Dismiss Notice
Join Physics Forums Today!
The friendliest, high quality science and math community on the planet! Everyone who loves science is here!

Homework Help: Complex Number-how to show it ?

  1. Sep 3, 2004 #1
    Complex Number---how to show it ?

    Given that z = x + yi and
    w = ( z + 8i )/(z - 6) , z not equal to 6 .
    If w is totally imaginary, show that :
    x^2 + y^2 + 2x - 48 = 0

    i understand the question, but the problem i facing is i only be able to show :
    x^2 + y^2 - 6x + 8y = 0
    i think that in order to satisfy what the question ask , i need to find y in term of x, but i cant do it.....i dont sure whether is the question wrong already or my mistake. Any expert there, please help.
  2. jcsd
  3. Sep 3, 2004 #2
    w is totally imaginary <=> Re(w) = 0 <=> ...
  4. Sep 3, 2004 #3

    matt grime

    User Avatar
    Science Advisor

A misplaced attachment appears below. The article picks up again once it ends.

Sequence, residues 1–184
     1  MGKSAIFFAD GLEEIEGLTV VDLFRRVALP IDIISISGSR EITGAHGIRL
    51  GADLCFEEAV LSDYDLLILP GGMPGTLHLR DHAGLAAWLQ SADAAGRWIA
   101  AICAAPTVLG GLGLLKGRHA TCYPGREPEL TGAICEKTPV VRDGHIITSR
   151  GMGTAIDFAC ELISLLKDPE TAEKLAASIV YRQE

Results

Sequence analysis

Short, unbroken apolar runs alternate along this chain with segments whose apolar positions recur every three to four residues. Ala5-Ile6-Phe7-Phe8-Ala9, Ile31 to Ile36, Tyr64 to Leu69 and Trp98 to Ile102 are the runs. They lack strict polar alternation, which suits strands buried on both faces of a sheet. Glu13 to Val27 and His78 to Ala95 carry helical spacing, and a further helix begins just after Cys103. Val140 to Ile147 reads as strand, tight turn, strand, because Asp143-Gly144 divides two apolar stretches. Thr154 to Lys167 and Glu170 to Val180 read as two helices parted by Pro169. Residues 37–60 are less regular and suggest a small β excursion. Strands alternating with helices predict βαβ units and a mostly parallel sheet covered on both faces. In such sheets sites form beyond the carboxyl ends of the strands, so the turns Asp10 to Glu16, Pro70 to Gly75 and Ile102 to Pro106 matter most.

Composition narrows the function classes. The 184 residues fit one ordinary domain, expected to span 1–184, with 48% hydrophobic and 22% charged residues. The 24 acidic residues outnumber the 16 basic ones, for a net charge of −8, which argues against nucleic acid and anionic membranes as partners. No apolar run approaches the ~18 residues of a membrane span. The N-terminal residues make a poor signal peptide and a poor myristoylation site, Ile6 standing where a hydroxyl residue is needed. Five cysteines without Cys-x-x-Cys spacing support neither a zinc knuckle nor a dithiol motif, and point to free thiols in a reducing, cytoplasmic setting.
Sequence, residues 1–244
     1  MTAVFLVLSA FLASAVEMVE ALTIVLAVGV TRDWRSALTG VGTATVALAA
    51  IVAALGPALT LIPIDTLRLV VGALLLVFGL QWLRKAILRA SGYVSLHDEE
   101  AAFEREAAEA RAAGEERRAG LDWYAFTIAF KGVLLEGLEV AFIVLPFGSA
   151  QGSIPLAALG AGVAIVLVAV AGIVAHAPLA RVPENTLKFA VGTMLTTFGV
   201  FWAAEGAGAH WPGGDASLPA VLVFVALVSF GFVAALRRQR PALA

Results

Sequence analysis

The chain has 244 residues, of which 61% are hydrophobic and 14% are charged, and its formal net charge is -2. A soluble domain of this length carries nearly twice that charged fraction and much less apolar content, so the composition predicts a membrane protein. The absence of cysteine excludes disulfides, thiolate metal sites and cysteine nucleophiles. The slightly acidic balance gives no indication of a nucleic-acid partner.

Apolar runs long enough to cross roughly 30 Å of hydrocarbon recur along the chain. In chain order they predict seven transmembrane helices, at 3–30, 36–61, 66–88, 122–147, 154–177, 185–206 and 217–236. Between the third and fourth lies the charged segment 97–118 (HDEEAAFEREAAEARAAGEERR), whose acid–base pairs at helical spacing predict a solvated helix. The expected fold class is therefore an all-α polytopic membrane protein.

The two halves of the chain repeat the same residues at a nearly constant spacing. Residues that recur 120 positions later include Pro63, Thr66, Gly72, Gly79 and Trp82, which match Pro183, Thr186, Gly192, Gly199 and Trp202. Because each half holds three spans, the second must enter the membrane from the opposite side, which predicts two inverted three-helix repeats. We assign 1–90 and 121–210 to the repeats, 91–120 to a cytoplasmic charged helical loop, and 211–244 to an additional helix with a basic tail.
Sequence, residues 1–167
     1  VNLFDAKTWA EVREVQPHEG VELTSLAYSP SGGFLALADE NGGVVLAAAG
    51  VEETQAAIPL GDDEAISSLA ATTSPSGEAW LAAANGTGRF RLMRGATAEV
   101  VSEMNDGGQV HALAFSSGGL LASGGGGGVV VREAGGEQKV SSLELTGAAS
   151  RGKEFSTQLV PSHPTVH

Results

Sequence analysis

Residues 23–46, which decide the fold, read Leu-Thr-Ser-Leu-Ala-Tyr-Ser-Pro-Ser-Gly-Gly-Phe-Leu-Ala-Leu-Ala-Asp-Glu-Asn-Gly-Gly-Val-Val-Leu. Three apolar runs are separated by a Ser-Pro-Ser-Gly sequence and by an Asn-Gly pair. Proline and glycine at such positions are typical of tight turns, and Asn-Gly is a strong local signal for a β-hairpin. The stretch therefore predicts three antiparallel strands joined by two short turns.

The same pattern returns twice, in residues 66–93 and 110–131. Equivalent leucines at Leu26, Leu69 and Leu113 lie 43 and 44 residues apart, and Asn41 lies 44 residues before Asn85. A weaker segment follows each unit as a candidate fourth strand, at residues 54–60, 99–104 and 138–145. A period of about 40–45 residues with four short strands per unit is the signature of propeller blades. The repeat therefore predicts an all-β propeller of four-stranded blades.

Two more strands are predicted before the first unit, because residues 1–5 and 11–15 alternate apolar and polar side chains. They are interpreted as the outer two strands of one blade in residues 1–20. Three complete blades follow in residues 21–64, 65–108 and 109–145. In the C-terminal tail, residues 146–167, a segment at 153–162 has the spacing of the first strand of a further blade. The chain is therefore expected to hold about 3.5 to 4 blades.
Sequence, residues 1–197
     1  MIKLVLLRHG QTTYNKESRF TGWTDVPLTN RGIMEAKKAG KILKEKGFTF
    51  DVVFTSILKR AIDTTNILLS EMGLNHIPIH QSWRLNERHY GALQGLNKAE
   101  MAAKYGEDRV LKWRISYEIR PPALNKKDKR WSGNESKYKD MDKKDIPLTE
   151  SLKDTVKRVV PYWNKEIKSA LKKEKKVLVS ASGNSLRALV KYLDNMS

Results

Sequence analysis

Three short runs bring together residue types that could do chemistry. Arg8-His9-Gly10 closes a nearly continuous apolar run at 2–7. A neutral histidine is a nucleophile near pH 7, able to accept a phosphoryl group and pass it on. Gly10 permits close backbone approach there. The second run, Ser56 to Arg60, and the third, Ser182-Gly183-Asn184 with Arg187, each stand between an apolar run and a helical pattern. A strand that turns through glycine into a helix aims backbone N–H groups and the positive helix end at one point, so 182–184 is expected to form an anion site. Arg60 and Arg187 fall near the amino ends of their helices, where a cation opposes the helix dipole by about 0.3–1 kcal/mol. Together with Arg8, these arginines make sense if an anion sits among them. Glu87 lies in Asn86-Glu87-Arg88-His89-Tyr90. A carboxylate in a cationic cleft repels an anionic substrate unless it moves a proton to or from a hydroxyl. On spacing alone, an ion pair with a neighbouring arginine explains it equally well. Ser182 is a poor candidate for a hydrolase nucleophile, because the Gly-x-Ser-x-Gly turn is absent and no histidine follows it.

Homework Helper

    I think there are too many continuations of that ellipsis (well, two), so as an aid, have you been taught how to convert division by a complex number into mulitplication by a complex number (one written as real plus i times imaginary)?

    1/z = z*/(|z|^2)

    now look at the imaginary part

    (for muzza the other posibility i thought of involved the argument which didn't seem useful, though that was only a first impression)
  5. Sep 3, 2004 #4
    If z=0 then w=-4i/3 which is totally imaginary, but -48<>0

    I think the numerator should be (z + 8)
  6. Sep 3, 2004 #5
    yes it should be (z+8)
    simply note that (x+8)(x-6) = x^2+2x-48
Share this great discussion with others via Reddit, Google+, Twitter, or Facebook